Apart from finding that crazy miracle potion in “Death Becomes Her” I was fresh out of ideas about how to get around this problem. Ahhh…ageing. At the risk of sounding like a washed up spinster; yes it will happen to you, and no you can’t avoid it (as yet).

Modeling revolves around fashion. Fashion is constantly being updated, redesigned and renewed. So too are the models. Being in fashion is great, however a meteoric rise to fame is sometimes followed by an epic fall from grace once fashion changes, and it does- with every season. So the trick here is to adapt somewhat to the changing surroundings. Changing cities/ markets, hair colour, hairstyle, interests, side professions and even personal style can all slightly reinvent the career of a model. *Failing all of the above, a famous boyfriend has always been a good trick*.
I was lucky enough to get a stable list of clients and friends as I grew up in the industry in Australia, and I can call most of the industry a great big family. They have seen me grow up, mature and develop and I too have seen their talents soar and evolve, but at times, they do want a ‘fresh face’ and it can be hard to take, as there is nothing you can do about it.

What is really great is that I have seen a trend lately towards embracing older models (when I say ‘older’ I mean mid to late 20’s). There is something admirable about a professional, experienced young woman, who knows her body and has a cemented sense of self. Recent case in point; Gemma Ward opening Prada and Lara Stone closing the show- both with children of their own and rocking one of the most influential shows at Milan Fashion Week. And it doesn’t stop there, pretty much the entire ‘icons, new supers and money girls’ list on is made up of girls over 21.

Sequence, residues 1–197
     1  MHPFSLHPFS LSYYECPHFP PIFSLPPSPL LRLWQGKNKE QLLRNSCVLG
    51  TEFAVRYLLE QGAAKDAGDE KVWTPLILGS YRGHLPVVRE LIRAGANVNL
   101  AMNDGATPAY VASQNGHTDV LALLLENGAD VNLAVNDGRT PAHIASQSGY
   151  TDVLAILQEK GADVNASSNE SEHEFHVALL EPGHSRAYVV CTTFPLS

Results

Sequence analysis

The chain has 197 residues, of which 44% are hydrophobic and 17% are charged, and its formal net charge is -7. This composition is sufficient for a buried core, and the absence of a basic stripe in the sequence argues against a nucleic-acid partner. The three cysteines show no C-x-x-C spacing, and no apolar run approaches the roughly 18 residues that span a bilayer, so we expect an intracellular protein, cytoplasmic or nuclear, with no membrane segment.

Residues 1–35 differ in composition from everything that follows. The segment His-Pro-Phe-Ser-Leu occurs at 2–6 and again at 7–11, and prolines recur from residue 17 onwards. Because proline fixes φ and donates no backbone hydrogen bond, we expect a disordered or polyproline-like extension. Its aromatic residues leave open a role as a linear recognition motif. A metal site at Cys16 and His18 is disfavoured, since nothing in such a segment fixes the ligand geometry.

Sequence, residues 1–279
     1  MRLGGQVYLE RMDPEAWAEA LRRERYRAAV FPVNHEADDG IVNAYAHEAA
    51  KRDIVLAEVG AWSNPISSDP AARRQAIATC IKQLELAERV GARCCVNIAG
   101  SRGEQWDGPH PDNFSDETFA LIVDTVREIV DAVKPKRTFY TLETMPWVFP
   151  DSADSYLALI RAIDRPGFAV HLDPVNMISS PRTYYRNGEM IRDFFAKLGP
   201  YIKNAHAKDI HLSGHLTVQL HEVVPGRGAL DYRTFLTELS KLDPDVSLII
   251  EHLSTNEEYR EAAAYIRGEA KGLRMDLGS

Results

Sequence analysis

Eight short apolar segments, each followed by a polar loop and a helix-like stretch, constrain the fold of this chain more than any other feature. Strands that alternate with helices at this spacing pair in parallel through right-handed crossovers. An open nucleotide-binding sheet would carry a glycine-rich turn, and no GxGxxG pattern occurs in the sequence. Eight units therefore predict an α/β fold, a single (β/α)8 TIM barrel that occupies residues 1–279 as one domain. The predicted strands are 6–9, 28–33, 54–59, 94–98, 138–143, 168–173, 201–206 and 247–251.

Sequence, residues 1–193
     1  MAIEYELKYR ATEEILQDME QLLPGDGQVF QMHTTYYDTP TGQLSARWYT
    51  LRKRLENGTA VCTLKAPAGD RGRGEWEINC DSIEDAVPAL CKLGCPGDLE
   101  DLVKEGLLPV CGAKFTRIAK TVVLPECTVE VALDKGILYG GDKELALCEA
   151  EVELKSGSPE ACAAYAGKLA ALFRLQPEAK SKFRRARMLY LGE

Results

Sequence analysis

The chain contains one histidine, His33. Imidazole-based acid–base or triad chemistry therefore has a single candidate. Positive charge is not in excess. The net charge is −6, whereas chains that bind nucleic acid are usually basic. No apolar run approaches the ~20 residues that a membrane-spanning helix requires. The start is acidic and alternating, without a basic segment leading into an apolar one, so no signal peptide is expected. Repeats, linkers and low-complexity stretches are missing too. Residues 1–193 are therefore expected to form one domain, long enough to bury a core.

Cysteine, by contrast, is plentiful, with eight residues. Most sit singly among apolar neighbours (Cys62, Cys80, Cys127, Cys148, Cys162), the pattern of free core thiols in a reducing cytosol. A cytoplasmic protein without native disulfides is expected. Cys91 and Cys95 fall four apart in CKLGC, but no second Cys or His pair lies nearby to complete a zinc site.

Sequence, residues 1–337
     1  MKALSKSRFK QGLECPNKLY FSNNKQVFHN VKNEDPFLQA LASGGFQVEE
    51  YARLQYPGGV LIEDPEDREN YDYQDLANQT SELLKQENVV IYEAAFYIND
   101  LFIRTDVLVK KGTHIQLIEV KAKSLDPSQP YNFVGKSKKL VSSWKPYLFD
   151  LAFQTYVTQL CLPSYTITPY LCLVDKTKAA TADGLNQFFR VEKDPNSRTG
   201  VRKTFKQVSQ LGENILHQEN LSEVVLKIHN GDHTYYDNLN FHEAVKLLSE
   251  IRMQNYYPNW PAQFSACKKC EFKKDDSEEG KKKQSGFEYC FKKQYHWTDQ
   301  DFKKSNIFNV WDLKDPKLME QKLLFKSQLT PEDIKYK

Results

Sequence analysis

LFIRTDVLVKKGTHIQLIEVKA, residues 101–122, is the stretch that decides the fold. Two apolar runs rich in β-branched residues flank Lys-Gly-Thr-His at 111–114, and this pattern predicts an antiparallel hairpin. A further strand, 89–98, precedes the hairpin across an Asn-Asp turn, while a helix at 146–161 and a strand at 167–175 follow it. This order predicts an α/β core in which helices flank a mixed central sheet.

Here’s to hoping this is one trend that sticks around!

September 16, 2014


I made an online store for my first exhibition 'ORGANICA' (in collaboration with Mick Bruzzese).

 Please jump online and check it out. More exhibitions coming soon...

September 15, 2014


God I have some talented friends! 
I was lucky enough to be shot by Luci one rainy afternoon in Sydney in my back garden. 
See more of her work at

September 8, 2014


It’s a digital age. Commercial galleries are feeling the pinch and retail is, well… have you been to Oxford Street lately?
So where to turn for art lovers? Appreciating the tangible aesthetics of a piece of art when galleries are shutting shop left, right and centre can be a difficult endeavour, and buying a piece sight unseen can be risky if you are spending big money. However there is a (relatively) new trend that’s here to help: the pop-up!